He ran a Buddhist temple near Podunk
that sheltered behind centuries-old books--
cactus and dust in the yard—perfect junk
keeping watch while he sat not so still.
Old bicycle wheels, clothed in mantras, took
his sad desires past dawn off to cold hills.
A lost coyote nudged his crumbled bones
and the hungry ghost finally left the place.
He looked back at painted sand and long dunes
before stepping off the planet. His smile
didn’t show. The desert cheered his escape.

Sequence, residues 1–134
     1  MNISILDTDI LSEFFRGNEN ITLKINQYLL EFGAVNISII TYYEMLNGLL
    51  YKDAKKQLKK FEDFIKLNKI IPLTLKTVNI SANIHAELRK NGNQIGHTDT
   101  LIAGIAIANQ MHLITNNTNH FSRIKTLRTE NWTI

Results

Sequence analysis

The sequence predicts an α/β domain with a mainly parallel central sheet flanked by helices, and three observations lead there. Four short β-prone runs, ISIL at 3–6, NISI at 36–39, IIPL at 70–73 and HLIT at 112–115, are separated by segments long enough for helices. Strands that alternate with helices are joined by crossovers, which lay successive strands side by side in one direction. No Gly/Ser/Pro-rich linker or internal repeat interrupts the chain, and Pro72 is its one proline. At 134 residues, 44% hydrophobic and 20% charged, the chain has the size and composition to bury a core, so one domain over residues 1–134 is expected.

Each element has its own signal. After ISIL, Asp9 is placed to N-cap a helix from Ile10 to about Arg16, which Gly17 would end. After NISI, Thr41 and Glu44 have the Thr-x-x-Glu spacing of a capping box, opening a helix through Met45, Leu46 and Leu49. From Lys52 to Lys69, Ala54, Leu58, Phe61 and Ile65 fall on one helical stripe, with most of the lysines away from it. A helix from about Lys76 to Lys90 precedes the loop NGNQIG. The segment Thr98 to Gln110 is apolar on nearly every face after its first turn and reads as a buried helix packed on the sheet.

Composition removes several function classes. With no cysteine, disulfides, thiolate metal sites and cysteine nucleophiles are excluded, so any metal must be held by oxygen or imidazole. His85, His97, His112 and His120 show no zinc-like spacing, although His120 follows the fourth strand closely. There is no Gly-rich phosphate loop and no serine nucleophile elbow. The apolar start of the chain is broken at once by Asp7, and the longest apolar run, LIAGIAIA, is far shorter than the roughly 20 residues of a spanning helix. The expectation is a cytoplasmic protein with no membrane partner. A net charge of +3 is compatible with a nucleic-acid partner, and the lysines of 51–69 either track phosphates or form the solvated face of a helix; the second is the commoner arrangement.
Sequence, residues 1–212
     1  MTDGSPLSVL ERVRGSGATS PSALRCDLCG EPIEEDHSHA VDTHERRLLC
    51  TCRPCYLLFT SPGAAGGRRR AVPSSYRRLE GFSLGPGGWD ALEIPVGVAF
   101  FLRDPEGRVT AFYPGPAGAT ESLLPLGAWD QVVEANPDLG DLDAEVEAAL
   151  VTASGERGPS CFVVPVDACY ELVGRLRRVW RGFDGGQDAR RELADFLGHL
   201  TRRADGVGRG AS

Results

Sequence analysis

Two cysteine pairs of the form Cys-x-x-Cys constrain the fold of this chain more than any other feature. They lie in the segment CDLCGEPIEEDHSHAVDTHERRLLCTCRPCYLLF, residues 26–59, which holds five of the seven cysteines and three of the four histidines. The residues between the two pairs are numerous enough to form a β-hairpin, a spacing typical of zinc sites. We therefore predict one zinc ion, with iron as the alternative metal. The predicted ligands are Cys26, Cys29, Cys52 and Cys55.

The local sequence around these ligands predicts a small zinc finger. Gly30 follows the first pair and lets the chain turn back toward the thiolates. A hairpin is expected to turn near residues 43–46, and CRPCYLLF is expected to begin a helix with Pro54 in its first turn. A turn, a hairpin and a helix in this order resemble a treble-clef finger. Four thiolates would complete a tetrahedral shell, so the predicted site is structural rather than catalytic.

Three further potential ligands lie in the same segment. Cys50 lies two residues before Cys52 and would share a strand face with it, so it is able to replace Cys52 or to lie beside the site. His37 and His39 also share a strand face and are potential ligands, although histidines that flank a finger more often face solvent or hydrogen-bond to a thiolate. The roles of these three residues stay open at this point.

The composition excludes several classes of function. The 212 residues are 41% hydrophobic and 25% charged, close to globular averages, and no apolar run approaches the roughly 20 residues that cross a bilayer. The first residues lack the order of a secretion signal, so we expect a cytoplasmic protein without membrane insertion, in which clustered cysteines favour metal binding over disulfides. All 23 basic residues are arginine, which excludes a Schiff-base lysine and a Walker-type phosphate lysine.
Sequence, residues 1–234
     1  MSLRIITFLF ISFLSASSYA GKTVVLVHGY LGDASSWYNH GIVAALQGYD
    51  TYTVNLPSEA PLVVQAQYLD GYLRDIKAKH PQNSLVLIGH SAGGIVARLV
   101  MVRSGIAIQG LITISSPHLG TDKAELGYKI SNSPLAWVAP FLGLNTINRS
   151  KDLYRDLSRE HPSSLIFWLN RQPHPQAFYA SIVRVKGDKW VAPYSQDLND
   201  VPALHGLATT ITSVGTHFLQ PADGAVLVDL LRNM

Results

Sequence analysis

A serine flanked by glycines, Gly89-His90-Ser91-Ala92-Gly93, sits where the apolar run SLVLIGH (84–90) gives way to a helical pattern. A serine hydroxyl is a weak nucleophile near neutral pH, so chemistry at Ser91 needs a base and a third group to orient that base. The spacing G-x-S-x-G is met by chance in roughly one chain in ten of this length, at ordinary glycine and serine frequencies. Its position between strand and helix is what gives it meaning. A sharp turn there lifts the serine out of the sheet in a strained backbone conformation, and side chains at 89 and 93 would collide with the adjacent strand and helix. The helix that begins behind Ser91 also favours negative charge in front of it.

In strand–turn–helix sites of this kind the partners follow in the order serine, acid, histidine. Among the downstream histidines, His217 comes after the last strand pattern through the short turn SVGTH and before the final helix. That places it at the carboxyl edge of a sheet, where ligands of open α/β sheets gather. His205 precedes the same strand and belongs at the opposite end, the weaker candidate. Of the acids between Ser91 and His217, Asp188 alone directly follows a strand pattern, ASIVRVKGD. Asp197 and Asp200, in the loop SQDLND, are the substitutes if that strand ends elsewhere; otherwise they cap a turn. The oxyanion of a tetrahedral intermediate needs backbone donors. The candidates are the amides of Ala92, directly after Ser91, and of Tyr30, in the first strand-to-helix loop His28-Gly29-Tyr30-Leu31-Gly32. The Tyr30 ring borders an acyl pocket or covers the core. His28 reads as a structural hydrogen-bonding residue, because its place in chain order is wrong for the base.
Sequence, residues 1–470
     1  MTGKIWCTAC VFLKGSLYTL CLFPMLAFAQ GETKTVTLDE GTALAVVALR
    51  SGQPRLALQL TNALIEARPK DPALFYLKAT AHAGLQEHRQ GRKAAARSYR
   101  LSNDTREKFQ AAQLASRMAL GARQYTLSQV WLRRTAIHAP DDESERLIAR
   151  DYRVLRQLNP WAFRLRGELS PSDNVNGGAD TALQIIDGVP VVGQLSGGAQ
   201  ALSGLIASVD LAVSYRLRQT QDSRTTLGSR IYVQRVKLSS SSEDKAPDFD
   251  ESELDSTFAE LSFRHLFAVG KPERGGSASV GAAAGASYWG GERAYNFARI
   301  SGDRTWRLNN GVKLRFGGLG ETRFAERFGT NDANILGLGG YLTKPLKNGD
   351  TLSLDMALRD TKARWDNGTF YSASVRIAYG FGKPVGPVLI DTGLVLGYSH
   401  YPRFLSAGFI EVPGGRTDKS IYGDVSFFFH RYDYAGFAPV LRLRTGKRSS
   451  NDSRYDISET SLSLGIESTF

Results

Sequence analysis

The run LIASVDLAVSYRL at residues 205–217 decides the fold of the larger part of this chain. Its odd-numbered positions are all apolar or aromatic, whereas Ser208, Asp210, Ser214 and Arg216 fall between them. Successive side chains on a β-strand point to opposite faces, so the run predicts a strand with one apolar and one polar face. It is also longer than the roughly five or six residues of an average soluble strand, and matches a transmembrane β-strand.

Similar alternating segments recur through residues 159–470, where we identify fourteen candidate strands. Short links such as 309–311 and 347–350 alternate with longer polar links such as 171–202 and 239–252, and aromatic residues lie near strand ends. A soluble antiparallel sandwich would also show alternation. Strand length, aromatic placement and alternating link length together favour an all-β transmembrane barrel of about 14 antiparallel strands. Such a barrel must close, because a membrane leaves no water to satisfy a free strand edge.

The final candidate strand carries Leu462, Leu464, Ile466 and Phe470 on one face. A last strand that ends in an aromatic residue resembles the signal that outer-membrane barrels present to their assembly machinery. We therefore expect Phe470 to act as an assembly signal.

His shrine dissolved into the night-cold wild.
His head, balanced
on a bottle of wine,
throbbing like a lighthouse,
is hidden by a fake hat.
Rain, nail stiff,
drums down on
his wounded head,
sheltered by a raked hat.
After dark he tips
his weak head
into the open oven
and greets his baked hat.
The janitors in hell
always miss just one spot
on the Inferno’s hot doors.
That is the punishment
for a perfectionist.